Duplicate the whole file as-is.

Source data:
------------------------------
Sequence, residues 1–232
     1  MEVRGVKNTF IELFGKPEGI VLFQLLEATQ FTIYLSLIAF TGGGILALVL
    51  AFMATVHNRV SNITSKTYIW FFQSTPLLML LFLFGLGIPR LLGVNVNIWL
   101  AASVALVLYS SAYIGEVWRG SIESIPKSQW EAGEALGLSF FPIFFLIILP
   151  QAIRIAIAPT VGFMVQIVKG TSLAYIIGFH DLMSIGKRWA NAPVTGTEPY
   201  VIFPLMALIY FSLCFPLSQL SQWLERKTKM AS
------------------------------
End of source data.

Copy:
Sequence, residues 1–232
     1  MEVRGVKNTF IELFGKPEGI VLFQLLEATQ FTIYLSLIAF TGGGILALVL
    51  AFMATVHNRV SNITSKTYIW FFQSTPLLML LFLFGLGIPR LLGVNVNIWL
   101  AASVALVLYS SAYIGEVWRG SIESIPKSQW EAGEALGLSF FPIFFLIILP
   151  QAIRIAIAPT VGFMVQIVKG TSLAYIIGFH DLMSIGKRWA NAPVTGTEPY
   201  VIFPLMALIY FSLCFPLSQL SQWLERKTKM AS